They’ve also added defender Abdou Diallo to replace Sokratis, bought Danish midfielder Thomas Delaney from Werder Bremen, goalkeeper Marvin Hitz from Augsburg and, in a shift in transfer policy, splashed out on established Belgium midfield star Axel Witsel.
With the tactically astute Lucien Favre now in charge and his record of developing talented players, Marco Reus can pay testament to that after their time together at Borussia Mönchengladbach, perhaps he has enough at his disposal to upset the odds.
Despite the apparent lack of a focal point in attack, it’s a beefed-up Dortmund that will need to consistently hit the heights.
🗞 Our favorite news of the day 🗞
52% of German football fans like BVB 👀 (survey by Statista)
— Borussia Dortmund 🇺🇸🇬🇧 (@BlackYellow) 17 August 2018
I think it goes without saying that the Bundesliga desperately needs a different winner this year.
Commercially, it helps if the league is seen as competitive, when selling the product around the world.
The Bundesliga already has a well-earned reputation for its incredible stadium atmospheres and fan interaction; it is also rightly lauded for its nurturing of talent and aesthetically pleasing playing styles, but to add competitive title races and different champions to the mix could be what makes it appreciated that bit more.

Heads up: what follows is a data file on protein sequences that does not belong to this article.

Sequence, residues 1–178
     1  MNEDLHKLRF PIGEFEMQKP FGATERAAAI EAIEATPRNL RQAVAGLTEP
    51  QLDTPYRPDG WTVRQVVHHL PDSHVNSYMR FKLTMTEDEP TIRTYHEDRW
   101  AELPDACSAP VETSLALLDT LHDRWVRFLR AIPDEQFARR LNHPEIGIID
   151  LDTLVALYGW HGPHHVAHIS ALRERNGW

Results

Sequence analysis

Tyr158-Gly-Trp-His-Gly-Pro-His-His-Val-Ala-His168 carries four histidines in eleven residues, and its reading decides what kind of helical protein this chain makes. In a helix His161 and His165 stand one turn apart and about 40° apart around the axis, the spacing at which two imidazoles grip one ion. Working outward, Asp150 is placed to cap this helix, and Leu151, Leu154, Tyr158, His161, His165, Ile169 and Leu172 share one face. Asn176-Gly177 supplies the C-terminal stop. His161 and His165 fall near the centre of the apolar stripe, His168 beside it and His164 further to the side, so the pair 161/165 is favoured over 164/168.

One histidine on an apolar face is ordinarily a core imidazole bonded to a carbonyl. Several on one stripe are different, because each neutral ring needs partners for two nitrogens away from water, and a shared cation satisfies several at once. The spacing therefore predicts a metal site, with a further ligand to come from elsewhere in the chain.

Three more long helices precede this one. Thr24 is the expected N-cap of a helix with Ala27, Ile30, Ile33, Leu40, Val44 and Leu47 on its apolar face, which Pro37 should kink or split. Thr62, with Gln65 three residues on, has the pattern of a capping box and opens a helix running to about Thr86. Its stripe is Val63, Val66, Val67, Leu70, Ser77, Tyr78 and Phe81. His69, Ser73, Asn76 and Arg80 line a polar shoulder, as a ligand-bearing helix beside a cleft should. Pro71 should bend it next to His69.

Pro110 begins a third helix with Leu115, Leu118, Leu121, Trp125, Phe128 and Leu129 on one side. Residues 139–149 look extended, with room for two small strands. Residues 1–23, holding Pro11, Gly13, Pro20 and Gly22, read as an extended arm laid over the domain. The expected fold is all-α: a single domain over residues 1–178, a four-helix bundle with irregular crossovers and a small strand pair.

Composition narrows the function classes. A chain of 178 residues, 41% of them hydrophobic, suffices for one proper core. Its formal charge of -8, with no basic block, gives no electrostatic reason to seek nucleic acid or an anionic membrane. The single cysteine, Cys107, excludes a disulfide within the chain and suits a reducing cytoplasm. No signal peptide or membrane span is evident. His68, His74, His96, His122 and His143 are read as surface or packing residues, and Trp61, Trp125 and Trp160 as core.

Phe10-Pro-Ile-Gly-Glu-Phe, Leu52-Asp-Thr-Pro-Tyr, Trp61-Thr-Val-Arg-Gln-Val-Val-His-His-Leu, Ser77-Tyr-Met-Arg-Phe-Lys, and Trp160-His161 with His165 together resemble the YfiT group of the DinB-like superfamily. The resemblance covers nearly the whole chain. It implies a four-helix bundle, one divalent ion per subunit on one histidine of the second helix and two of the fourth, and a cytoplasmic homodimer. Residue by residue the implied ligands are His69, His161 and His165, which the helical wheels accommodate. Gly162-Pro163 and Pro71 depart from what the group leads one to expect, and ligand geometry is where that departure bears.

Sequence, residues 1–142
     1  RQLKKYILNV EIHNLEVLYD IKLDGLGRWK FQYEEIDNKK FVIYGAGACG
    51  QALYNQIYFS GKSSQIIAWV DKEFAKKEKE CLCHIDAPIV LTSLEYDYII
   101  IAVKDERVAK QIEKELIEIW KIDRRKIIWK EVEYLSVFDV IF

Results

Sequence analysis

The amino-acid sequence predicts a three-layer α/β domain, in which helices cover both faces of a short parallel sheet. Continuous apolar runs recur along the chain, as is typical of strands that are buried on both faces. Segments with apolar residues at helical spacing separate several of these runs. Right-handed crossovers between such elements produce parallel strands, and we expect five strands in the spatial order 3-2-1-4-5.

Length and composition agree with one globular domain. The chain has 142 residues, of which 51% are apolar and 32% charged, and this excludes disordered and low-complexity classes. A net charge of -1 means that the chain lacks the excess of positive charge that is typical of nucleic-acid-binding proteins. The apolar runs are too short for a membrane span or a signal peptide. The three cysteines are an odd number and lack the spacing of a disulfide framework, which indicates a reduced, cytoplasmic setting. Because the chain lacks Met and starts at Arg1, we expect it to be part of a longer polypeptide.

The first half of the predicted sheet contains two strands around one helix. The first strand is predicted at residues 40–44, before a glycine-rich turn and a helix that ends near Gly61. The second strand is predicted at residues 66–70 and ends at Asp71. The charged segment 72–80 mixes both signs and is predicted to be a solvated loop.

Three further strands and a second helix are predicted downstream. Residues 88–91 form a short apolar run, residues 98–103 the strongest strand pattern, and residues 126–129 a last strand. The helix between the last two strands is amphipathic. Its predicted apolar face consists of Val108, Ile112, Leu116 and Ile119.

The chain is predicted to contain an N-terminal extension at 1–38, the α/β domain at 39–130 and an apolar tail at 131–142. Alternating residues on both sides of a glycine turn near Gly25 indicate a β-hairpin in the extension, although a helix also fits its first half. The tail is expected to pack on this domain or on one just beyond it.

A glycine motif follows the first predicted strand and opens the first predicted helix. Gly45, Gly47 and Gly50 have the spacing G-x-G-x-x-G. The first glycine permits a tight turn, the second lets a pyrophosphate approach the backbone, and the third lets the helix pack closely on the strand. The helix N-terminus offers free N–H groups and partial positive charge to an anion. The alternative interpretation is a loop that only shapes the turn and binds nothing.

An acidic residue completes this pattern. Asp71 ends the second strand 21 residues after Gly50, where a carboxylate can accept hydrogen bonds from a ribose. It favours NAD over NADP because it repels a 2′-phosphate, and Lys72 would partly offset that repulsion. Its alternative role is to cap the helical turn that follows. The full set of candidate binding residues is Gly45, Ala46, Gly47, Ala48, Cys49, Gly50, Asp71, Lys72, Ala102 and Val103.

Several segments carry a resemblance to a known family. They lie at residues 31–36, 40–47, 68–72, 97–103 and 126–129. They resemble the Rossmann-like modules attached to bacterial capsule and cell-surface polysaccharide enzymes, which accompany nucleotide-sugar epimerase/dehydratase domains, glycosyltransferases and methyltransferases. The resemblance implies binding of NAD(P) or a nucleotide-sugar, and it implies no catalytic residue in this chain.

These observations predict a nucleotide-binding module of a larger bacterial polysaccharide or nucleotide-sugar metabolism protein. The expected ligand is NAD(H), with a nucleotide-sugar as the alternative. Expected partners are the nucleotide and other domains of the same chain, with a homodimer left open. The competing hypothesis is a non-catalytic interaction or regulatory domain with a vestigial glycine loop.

The breaking of Bayern’s title reign would not only be good for the Bundesliga commercially, it would also be good for it domestically, to bring hope to fans of all the other clubs that this giant can be defeated.
I believe it would be good for Bayern too, because I think they need it to reinvigorate them, just as much as their rivals.
For too long, Bayern have been the heavyweight in a middleweight division. A fighter without viable opponents can become stale.
It’s up to the likes of Dortmund and Schalke to prove they can step up a weight class and trade hands. Perhaps even a rank outsider could deliver an underdog story that Hollywood would be proud of.
Jürgen Klopp once told his Dortmund players they were Rocky Balboa and Bayern were Ivan Drago. You could argue any challengers overtaking Bayern this year would be like Rocky facing Ivan Drago, Apollo Creed and Clubber Lang, all in the same night.
However, I’m quietly optimistic we might just get our movie this year.